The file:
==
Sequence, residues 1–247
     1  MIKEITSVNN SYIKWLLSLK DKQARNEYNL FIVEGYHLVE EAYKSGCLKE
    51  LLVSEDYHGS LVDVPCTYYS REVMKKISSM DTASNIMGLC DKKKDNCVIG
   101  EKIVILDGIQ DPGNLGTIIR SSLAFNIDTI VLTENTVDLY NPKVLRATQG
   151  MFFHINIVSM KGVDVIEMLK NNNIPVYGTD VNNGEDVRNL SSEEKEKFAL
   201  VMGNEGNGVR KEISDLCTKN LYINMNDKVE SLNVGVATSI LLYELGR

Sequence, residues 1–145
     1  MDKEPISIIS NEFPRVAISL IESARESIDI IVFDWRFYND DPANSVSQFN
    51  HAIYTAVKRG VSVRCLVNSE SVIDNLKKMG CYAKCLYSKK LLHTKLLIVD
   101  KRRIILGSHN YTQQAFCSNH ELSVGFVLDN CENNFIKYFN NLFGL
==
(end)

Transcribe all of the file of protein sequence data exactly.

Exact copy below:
Sequence, residues 1–247
     1  MIKEITSVNN SYIKWLLSLK DKQARNEYNL FIVEGYHLVE EAYKSGCLKE
    51  LLVSEDYHGS LVDVPCTYYS REVMKKISSM DTASNIMGLC DKKKDNCVIG
   101  EKIVILDGIQ DPGNLGTIIR SSLAFNIDTI VLTENTVDLY NPKVLRATQG
   151  MFFHINIVSM KGVDVIEMLK NNNIPVYGTD VNNGEDVRNL SSEEKEKFAL
   201  VMGNEGNGVR KEISDLCTKN LYINMNDKVE SLNVGVATSI LLYELGR

Sequence, residues 1–145
     1  MDKEPISIIS NEFPRVAISL IESARESIDI IVFDWRFYND DPANSVSQFN
    51  HAIYTAVKRG VSVRCLVNSE SVIDNLKKMG CYAKCLYSKK LLHTKLLIVD
   101  KRRIILGSHN YTQQAFCSNH ELSVGFVLDN CENNFIKYFN NLFGL